Many Crews Remain Aboard Cruise Ships After Passengers Evacuated
LULU GARCIA-NAVARRO, HOST:
When passengers trapped onboard cruise ships were finally allowed to disembark, many told horror stories of their time at sea. But at least they got off the ships. Many of the crew weren't so lucky. Tens of thousands of crew members are stranded on at least 50 cruise ships floating in U.S. waters, says our next guest. The Guardian newspaper's Patrick Greenfield and Erin McCormick have been investigating why so many have not been able to make it back to land. Patrick joins us now from Costa Rica. Good morning.
PATRICK GREENFIELD: Good morning.
GARCIA-NAVARRO: Why are the crews still out there?
GREENFIELD: The key issue, really, is repatriation. The CDC do not want crew members to get on commercial flights. So it's very expensive for cruise companies to actually get all their staff home from all corners of the planet. A lot of cruise companies are choosing to keep their ships at sea with tens of thousands of staff. Many are sick. Many are dying. And the situation is only getting worse.
GARCIA-NAVARRO: What are the living conditions like onboard? Can you describe them?
GREENFIELD: It depends where you are. A lot of crew are stuck in a cabin. And they have been there on their own for a very long period of time - from a month to six weeks. They've not being allowed to leave since the passengers left and - or they get the meals every day. A lot of them are not allowed to walk around. There's no natural light, no natural air - stuck right at the bottom of the ship. They've lost their job. And they're very scared about the future.
GARCIA-NAVARRO: Are they still getting paid?
GREENFIELD: A lot are not. Large cruise ships only need a few dozen crew members to actually operate when there are no passengers onboard. What we've seen now in lots of ships - they've received the letter come under the door saying, unfortunately, your contract's been terminated. We're not going to charge you for the room. We're not going to charge you for the food. Unfortunately, you can't leave. But once this all blows over in a couple of months, we'll rehire you. It's not realistic to expect that the cruise industry is going to be fine in a couple of weeks, and they're going to get their jobs back.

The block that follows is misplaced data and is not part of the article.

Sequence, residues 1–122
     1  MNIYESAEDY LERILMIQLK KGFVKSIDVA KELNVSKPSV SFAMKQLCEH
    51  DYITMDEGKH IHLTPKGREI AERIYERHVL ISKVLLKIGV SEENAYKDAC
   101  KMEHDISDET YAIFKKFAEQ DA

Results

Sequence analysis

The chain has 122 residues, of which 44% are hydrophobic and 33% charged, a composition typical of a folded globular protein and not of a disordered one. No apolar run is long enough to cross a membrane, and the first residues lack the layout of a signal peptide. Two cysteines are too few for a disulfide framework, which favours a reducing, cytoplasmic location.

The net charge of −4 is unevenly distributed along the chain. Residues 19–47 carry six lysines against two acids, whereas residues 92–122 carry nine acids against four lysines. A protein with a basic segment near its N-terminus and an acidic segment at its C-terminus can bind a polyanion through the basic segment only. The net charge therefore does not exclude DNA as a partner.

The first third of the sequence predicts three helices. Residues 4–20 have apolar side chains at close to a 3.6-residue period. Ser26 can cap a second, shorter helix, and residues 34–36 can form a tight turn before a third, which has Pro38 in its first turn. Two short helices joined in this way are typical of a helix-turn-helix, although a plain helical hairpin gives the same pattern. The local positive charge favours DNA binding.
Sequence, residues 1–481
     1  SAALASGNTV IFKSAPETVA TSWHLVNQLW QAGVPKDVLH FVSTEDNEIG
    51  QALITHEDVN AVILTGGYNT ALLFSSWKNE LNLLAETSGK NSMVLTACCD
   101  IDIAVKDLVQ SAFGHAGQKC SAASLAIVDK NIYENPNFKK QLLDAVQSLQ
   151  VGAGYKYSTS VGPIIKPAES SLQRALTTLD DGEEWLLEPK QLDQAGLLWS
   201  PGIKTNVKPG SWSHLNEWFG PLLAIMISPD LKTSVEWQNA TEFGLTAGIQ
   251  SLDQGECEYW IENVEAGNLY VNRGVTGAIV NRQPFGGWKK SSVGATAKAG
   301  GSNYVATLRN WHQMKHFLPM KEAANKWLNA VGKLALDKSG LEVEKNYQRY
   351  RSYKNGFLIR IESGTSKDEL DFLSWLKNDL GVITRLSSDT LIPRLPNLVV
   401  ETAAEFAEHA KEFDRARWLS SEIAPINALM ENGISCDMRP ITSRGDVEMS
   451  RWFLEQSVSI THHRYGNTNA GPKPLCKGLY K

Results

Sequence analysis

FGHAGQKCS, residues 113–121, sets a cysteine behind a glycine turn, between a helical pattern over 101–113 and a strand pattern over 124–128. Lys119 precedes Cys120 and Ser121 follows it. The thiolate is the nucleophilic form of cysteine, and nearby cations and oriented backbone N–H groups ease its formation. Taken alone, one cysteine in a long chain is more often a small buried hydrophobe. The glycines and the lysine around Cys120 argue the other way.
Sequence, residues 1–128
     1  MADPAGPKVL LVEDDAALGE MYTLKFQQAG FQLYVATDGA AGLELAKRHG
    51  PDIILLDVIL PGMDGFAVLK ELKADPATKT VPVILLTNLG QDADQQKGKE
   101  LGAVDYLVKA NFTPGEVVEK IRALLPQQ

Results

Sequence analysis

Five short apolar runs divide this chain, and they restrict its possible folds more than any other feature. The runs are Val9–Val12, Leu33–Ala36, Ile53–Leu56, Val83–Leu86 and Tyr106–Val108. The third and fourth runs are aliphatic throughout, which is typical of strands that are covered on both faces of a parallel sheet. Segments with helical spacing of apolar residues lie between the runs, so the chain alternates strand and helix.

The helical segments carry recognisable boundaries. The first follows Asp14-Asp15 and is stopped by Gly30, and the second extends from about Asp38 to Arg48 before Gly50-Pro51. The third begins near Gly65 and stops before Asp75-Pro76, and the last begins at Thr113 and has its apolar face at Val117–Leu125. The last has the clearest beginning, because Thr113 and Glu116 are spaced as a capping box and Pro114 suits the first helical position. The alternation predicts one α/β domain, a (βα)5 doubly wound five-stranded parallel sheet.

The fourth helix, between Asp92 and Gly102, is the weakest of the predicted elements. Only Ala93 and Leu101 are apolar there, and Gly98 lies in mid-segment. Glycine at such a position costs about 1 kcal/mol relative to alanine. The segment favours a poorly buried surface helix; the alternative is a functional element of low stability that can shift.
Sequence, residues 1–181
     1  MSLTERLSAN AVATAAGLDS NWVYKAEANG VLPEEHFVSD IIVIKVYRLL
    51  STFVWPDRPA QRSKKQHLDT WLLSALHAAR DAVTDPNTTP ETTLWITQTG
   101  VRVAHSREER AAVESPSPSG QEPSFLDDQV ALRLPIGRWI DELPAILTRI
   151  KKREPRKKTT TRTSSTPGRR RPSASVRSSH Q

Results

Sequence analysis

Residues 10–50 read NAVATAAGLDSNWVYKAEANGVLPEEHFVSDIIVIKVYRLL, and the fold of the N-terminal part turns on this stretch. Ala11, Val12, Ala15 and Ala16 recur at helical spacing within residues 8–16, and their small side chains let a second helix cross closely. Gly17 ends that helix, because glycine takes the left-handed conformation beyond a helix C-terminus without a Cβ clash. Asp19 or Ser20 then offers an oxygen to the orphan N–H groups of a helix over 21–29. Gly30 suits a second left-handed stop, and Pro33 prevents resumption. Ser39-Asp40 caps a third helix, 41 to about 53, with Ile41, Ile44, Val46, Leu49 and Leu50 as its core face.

GARCIA-NAVARRO: The CDC is very concerned about having people who are ill come into the United States, as are state governors. We saw that in Florida. So what is happening to crew members if they do get sick?
GREENFIELD: Again, it depends. Like the rest of us having to stay at home, it's the same basic advice. Stay in your cabin. Wait for things to pass. And, hopefully, you'll get better. Many are young and not as at risk. But as we've seen, not everybody's making it with this disease. I mean, some are dying on the ship. We've seen dozens of evacuations to the mainland. That seems to be OK for some ports. But there's a mounting number of people that are dying, including ship doctors, kitchen staff, people who are entertainers.
GARCIA-NAVARRO: What are cruise lines saying about this?
GREENFIELD: When Erin and I first started reporting on this, companies were very communicative. There were paying customers onboard. They were giving us regular updates about how many people were sick, which nationalities needed to get home and what they were doing about it. That has definitely changed recently. So now we have many companies with ships all over the world that are in international waters. They're often kind of just off the coast. And they don't really have to answer to anybody in the same way. And it's very hard for us to get information out of them. The main reason for that is that nobody is really legally responsible.
GARCIA-NAVARRO: So what next for these people? Does there look like there might be a resolution in sight?
GREENFIELD: I'm hopeful that the CDC and these companies can come to an agreement quickly and get people offboard. This is a terrible place for them to be. But it's a question of waiting. Tens of thousands of people have been in their cabins for over a month now. People are getting sicker. More people are dying. And the longer that continues, the worse the situation will get. I think people on land need to realize that this is the worst place to be right now. And we must get people off ships and back into isolation in a safer place.
GARCIA-NAVARRO: That's Patrick Greenfield, an environment reporter for The Guardian. Thank you very much.
GREENFIELD: Thank you.
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